Vicky: As Jelle pointed out, we are currently researching various factors that affect mangrove habitats. Later this year, we will effectively construct a U-shaped island in the delta using dredged sediments. By creating the initial conditions that are necessary for mangroves to grow, afforestation will take place, both naturally and in an assisted manner. Our goal is, firstly, to support natural propagation of mangroves by creating the ideal conditions. Secondly, with the local community, we will also plant mangrove trees ourselves. This way, the mangrove ecosystem will eventually evolve into an autonomous habitat, where human intervention will no longer be needed. We expect to have the first mangrove trees by the summer of 2024.
This is a Nature-based-Solutions project, or literally translated: a solution based on nature. What exactly does that mean?
Vicky: The area in Ecuador encounters challenges like coastal floods and erosion, creating safety problems along the coast. To counter this, one could choose to build a dyke out of 'hard' materials. But we don't do that here. Instead, we opt for 'soft' measures and for a solution that we also find in nature: mangrove forests. They are a natural coastal protector and thus a Nature-based-Solution.
What will be the impact of this new mangrove forest?
Jelle: Besides natural coastal protection, mangrove forests have numerous ecological benefits. For instance, mangrove forests are important carbon sinks and can retain up to four times more carbon per hectare than tropical rainforests. In addition, they also serve as water filters. Mangrove forests also support socio-economic activities such as ecotourism and fishing. Moreover, they are a hotspot for biodiversity as well, attracting a lot of birds and marine life. In AquaForest, we will explore all these ecosystem services and determine the positive impact of mangroves.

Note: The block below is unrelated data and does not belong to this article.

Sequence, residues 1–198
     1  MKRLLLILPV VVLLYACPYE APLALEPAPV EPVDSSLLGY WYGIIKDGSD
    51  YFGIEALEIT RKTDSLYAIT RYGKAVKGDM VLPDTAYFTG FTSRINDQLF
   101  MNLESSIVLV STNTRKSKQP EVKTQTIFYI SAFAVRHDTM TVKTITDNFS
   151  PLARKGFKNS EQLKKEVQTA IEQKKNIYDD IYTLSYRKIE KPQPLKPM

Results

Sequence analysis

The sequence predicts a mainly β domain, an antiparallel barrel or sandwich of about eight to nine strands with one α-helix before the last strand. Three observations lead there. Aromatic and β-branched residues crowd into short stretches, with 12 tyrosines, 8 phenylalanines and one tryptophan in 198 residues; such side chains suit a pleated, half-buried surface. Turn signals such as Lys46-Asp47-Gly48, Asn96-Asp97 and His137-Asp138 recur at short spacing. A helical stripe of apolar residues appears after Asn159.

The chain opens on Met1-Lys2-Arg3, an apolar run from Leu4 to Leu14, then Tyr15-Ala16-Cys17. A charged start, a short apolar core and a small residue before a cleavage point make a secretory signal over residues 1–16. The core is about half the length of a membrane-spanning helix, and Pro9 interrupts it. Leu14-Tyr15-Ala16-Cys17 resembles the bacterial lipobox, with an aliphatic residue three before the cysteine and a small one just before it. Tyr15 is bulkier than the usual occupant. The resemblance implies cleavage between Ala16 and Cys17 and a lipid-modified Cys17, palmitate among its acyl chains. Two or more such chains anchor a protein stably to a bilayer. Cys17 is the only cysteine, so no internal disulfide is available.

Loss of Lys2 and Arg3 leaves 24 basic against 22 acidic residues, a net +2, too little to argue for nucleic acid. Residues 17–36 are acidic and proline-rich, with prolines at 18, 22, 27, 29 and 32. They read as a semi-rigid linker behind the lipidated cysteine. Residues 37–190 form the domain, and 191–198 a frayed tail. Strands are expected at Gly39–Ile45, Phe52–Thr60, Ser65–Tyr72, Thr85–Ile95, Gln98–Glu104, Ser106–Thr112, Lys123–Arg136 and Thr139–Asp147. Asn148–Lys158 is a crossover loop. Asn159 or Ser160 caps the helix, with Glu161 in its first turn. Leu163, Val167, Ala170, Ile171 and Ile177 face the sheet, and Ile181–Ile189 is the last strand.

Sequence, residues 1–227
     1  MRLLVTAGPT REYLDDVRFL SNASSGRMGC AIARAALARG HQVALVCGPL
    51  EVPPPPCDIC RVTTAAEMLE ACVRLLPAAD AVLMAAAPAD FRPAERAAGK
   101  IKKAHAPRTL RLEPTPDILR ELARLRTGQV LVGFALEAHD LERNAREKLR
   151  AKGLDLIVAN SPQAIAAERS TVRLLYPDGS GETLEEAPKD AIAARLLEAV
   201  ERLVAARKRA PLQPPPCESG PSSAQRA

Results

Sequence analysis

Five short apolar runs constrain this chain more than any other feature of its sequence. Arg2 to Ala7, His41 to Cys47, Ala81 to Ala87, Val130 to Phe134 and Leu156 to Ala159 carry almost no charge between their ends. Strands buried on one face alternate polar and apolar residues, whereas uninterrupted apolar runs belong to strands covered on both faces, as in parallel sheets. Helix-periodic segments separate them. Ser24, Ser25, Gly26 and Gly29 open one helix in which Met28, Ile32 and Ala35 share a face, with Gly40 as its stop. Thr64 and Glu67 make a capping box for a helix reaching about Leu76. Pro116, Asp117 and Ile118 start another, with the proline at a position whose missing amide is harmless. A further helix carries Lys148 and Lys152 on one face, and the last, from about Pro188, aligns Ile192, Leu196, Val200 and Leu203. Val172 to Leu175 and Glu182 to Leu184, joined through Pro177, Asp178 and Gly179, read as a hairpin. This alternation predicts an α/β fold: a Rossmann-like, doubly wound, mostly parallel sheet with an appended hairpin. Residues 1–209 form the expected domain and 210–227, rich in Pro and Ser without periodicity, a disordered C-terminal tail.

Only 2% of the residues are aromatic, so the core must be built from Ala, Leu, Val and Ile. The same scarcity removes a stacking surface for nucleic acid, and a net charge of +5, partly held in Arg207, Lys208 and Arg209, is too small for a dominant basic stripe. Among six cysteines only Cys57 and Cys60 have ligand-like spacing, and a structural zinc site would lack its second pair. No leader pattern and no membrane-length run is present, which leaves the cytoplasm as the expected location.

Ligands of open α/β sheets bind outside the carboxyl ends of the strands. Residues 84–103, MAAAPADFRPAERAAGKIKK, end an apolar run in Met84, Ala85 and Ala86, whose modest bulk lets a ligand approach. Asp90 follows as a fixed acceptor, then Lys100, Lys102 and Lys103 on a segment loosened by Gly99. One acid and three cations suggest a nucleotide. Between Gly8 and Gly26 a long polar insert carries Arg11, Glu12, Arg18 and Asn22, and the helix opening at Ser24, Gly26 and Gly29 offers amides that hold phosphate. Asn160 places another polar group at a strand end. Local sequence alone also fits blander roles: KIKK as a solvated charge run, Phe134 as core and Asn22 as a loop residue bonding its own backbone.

Vicky: Keep in mind: this is a demonstration project. We will mainly use AquaForest as a Living Lab to conduct research with our partners, to gain new knowledge and gather information. We will test how efficient the mangrove habitat is against coastal floods and erosion, we will monitor the increase in biodiversity, but we will also examine the socio-economic benefits. This pilot project in Ecuador will pave the way for other similar projects in the region, as well as globally, in other locations where mangrove forests play an important role in local ecosystems.
This seems like an ideal project to realise collaboration and co-creation between different partners?
Vicky: That's right. We are coordinating this project, but we are working with an international project consortium: South Pole, Mantis Consulting, Haedes, University ESPOL in Ecuador, University of Antwerp, Vrije Universiteit Brussel, and the NGO Fundación Calisur. And each AquaForest partner has specific expertise. We also involve local authorities, government, researchers, and local communities.
The project is subsidised by Departement Omgeving (Flemish Government) and the International Union for Conservation of Nature (IUCN). AquaForest is further supported by the G-STIC Climate Action Programme 2022.
Together we are working on a project that contributes to many of the United Nations Sustainable Development Goals.
So we decided to use our dredged material to raise lower areas in the delta and plant new mangrove forests there. A wild but also innovative idea.
Lead Engineer Marine Environmental Department